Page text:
Learn more about one of our inspiring EO Ambassadors, Marinel Ubaldo, the incredible work she’s done so far in her hometown, the Philippines, and on the global stage, ahead of her appearance at the United Nations Climate Change Conference of Youth (COY) this November. 

Marinel Ubaldo is one of the leading young female climate activists that is driving change in Asia. An advocate for climate justice and environment issues, Marinel has been a vocal figure and change maker in the Philippines from collaborating on Philippines’ Nationally Determined Contributions (NDCs) to implementing a Conference of Youth at a local scale. What’s more, she’s about to serve as the country coordinator for the Philippines at the upcoming The UN Climate Change Conference of Youth (COY16) in Glasgow in November. 

Her Journey to Become a Climate Activist

Marinel is a registered social worker and helped found the Youth Leaders for Environmental Action Federation, a youth-led organisation based in Eastern Visayas that aims to mentor youth individuals and organisations in climate advocacy. 

Educating youth and local communities plays a significant role in her activism, and is incredibly passionate in talking about climate action, global policy, and more importantly, the role youth communities can play in mitigating the effects of climate change. 

Marinel’s activism however, is not limited to education and awareness. Varying from ecological justice campaign for Living Laudato Si’ Philippines, to leading community immersion to the donation of solar lamps to the community of Forest Rangers in Cebu.

Muriel is also determined to make up for the lack of representation from Southeast Asia in the global arena. “I want to bring the voices and stories of the youth and communities from the frontline to the global arena and to show the human face of the climate crisis,” says Muriel. “People in the frontline should be part of the decision-making processes, their voices should be heard, listened to, and considered in negotiations and decision-making processes, especially on things that involve us.”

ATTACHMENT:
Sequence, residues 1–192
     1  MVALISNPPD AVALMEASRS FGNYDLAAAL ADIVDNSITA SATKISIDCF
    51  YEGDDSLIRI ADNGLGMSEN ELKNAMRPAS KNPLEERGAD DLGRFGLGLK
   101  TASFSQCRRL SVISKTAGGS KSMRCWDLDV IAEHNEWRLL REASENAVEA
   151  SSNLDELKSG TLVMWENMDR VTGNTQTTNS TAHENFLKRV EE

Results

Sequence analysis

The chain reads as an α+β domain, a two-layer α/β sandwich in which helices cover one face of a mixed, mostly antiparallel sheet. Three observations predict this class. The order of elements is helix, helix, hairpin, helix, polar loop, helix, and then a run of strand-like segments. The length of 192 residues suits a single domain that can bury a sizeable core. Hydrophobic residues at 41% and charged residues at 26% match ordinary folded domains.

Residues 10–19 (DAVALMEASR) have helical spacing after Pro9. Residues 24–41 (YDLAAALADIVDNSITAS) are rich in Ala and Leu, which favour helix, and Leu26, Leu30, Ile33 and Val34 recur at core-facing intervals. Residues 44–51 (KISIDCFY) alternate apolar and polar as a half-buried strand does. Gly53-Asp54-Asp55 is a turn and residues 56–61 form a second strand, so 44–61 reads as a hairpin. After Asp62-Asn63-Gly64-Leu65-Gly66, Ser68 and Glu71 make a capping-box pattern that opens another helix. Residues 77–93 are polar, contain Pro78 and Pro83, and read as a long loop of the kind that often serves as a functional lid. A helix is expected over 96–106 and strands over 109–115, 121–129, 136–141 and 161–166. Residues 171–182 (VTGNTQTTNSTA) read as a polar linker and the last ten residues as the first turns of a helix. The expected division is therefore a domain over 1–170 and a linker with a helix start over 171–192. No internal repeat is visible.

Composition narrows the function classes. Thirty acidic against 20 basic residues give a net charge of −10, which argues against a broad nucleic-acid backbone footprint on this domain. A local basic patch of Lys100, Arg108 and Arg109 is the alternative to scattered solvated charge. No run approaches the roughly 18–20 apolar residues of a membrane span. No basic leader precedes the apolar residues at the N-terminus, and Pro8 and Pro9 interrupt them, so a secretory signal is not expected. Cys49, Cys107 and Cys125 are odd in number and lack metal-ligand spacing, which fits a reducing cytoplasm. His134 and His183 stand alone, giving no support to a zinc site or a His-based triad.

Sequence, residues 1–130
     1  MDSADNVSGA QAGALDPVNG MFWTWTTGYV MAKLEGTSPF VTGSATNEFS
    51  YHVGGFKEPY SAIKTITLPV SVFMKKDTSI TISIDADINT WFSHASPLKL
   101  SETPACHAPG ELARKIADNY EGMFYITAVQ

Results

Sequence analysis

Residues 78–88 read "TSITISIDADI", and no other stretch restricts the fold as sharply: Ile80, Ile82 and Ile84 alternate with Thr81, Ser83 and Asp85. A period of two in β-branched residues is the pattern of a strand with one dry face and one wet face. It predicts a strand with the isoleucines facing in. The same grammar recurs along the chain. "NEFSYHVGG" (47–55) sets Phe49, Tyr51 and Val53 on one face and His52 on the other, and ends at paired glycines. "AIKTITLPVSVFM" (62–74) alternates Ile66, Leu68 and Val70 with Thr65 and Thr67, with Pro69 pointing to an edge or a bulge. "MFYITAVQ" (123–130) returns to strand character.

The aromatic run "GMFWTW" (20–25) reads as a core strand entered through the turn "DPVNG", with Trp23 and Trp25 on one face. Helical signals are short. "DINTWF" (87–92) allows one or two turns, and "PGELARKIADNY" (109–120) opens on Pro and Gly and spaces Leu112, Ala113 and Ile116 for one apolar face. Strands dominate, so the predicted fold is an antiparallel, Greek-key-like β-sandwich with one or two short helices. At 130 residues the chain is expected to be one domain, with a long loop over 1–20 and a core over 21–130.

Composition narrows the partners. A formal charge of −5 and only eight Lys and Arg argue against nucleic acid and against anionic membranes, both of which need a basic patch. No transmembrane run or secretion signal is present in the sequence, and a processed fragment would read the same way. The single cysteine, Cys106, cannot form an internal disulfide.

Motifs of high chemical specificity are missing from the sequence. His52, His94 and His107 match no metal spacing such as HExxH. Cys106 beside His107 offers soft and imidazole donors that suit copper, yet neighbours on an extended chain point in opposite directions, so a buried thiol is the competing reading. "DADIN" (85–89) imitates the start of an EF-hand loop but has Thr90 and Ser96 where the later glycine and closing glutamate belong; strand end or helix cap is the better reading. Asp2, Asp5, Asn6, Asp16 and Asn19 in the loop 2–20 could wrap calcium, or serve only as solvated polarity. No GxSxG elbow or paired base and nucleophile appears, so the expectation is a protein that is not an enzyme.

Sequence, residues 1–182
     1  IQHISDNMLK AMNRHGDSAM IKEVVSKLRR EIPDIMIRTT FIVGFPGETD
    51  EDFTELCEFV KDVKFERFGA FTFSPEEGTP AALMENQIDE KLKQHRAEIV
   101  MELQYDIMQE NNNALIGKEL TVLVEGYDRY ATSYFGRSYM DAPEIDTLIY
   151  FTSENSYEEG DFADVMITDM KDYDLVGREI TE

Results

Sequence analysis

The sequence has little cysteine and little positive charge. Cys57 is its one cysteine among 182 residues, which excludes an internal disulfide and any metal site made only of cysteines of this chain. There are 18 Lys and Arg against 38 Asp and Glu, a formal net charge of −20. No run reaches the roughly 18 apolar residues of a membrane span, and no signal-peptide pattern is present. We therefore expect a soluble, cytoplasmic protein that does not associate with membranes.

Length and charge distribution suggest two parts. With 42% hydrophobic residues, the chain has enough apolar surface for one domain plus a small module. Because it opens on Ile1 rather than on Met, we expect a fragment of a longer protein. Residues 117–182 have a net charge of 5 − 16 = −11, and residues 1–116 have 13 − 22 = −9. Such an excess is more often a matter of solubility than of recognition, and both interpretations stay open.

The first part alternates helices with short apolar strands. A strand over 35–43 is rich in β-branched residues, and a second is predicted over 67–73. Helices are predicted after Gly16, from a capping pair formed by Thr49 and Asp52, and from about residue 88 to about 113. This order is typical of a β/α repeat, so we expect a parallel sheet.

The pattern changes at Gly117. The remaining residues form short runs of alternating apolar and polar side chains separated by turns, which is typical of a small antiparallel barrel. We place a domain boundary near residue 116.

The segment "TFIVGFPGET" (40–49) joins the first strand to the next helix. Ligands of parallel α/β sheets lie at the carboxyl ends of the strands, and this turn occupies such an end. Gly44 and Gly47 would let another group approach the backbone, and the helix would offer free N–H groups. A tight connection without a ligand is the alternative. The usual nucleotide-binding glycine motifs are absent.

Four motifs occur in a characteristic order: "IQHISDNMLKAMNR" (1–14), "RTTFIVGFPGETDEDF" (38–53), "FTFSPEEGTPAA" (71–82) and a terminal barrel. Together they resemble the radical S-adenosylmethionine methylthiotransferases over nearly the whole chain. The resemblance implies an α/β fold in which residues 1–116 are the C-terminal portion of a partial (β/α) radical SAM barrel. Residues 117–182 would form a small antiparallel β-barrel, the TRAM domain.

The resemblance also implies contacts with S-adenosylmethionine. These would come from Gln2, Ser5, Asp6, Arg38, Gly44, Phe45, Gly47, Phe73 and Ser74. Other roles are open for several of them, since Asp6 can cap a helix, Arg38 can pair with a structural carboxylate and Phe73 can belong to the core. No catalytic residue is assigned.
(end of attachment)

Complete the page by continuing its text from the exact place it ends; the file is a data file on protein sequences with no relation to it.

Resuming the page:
For Marinel, it’s not about “monetary, fame, nor any material gains”, but simply “the acknowledgment of the climate crisis and to give justice to those who have suffered and died because of climatic disasters.”

Her Biggest Projects to Date

Marinel Ubaldo is no stranger to the international stage. During the opening of the UNFCCC COP 21 in Paris and in UNFCCC COP 25 in Madrid, she spoke to world leaders on behalf of Filipinos on the climate mitigation policies.  She was previously trained by former US Vice-President Al Gore as a Climate Reality Leader, and played a role in the Climate Justice Liability Public Hearing during the Climate Week in New York USA last September 2018.

Marinel was also recently selected to represent the Philippines at the  #Youth4Climate: #DrivingAmbition event in Milan, Italy this September. Hosted by the UN, the conference is a unique platform which will see young activists much like Marinel share and put forward ideas and concrete proposals on the climate agenda. 

However, Marinel will be tackling her biggest role yet as the country coordinator for the Philippines at the upcoming The UN Climate Change Conference of Youth (COY16) in Glasgow in November. Dubbed as the largest and longest running youth event to date, the conference will see thousands of young changemakers much like Marinel, from more than 140 countries put forward policies towards the UN Climate Change Conference (COP26), which will be taking place right afterwards. 

Aside from representing the interests of the Philippines and Southeast Asia and at COY, Marinel hopes the platform can provide an often overlooked perspective to the international stage. “I want the statement to be a document that would start a greater partnership between key government agencies with other INGOs and youth organisations,” she claims. “The youth statement can be the main tool in identifying the pressing climatic issues that youth are facing in their localities and the ways that they are dealing and addressing those.”